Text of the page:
From 3 December 2021–31 January 2022, our Utrecht research team will hold a free pop-up exhibition for the general public at Amsterdam Central Station, one of the city’s major thoroughfares. The interactive show, organised in conjunction with the Poppi Drug Museum and called Worlds of Opiates, invites visitors to explore the history of opium in Amsterdam and its associated public spaces in a global context. Drawing on the findings of the project, and incorporating data from the 1970s and 1980s produced by our HERA partner project Governing the Narcotic City and the Mainline Foundation for harm reduction, the exhibition features both physical and digital objects, as well as historic maps of opium distribution in Amsterdam. Visitors can open and investigate the drawers of an original apothecaries’ counter, watch slideshows, access additional information on their mobile devices via QR codes, or listen to lectures by historians on topics such as opium use among the eighteenth-century Dutch elite, early modern opium use in Scotland, or the drug’s connection with Afghanistan.
The exhibition introduces a general audience to what may seem like surprising results from the project. This 1749 map of Amsterdam, for example, reveals a city in which opium and opium-based products were brought in from Asia, auctioned in the city centre, and retailed in pharmacies in almost all neighbourhoods. There was not, however, an opium problem within the city’s public spaces. By exploring the exhibition, visitors can discover that opium was used until the twentieth century as medicine, as a sleeping drug, or to keep the children quiet, and sometimes for criminal purposes such as suicide, murder, or date rape.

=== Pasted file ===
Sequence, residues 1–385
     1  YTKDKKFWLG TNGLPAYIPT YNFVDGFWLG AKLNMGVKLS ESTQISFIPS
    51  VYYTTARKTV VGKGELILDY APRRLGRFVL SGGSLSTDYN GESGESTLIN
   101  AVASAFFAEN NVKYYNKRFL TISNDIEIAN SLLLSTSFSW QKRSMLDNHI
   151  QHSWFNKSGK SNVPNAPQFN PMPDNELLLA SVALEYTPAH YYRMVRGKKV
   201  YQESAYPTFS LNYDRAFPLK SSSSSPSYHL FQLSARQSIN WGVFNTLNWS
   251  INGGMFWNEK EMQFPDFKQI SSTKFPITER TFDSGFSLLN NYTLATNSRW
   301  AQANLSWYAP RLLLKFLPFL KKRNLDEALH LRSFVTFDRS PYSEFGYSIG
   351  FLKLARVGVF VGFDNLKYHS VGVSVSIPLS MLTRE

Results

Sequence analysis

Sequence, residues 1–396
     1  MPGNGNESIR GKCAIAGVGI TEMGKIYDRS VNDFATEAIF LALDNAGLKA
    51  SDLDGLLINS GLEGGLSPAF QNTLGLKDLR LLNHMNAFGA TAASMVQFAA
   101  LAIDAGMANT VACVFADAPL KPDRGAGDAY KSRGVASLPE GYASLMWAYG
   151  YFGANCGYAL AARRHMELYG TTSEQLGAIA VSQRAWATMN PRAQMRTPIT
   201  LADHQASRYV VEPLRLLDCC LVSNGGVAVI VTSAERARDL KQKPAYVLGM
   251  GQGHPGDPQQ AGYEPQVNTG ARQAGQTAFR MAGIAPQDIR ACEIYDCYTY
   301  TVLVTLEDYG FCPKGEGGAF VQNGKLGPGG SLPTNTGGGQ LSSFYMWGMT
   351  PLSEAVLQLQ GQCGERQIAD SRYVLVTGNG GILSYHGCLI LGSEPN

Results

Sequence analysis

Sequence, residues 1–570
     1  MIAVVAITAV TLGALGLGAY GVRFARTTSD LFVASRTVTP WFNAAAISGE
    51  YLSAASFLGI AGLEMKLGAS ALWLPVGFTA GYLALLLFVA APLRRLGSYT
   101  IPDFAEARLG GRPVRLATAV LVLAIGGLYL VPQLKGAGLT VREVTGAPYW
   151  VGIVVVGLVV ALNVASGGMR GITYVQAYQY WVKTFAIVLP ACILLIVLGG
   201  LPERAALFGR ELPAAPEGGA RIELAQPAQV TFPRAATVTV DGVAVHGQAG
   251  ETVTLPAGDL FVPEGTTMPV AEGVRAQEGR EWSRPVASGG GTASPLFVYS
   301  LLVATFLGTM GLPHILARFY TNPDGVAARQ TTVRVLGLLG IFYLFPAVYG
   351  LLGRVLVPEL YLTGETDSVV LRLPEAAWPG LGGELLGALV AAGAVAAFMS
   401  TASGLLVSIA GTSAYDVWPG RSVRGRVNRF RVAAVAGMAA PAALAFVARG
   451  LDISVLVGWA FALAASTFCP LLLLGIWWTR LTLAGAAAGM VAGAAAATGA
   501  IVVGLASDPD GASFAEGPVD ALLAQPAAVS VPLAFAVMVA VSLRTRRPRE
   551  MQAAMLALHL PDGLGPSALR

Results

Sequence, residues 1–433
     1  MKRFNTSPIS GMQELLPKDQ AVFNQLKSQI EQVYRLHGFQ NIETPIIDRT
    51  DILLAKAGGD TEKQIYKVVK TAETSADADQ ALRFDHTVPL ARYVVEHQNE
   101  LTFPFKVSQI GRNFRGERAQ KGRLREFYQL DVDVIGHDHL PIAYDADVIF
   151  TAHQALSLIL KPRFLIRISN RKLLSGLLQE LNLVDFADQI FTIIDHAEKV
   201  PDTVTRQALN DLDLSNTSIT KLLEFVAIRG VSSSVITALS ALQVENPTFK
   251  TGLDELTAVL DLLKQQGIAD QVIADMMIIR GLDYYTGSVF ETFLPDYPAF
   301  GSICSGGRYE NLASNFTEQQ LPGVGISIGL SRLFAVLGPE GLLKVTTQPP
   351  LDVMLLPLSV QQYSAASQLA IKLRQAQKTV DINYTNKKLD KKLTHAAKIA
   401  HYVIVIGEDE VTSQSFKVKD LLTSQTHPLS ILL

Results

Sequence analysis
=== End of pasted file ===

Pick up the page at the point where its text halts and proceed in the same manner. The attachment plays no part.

Following opium’s prohibition in 1920, this map of the 1920s–50s shows the existence of smuggling and increased consumption by Chinese migrants, which pushed distribution back to the harbour districts and into the city’s Chinatown. However, apart from occasional eruptions of gang warfare, opium use was still very much a private practice.
As this third map 1970–85 shows, new trade and consumption patterns replacing opium with the opiate heroin, and its adoption by a new culture of white and Surinamese users, led to a new and highly visible epidemic of drug use hitting the streets of Amsterdam, even though it was still concentrated in the same central areas as on the second map.
Unfortunately, shortly before the opening of the exhibition new coronavirus measures were imposed by the Dutch government. These originally included the closure of all shops and galleries after 5pm, and urgent advice for people to work from home, but have now been extended to a total lockdown. This rather reduces the number of people travelling through Amsterdam Central. However, the exhibition will now run through the second half of January, to allow people to visit after the lifting of restrictions on the 15th. Moreover, the Poppi Museum will keep the exhibition available for future events, while a virtual show is in development (watch this space!).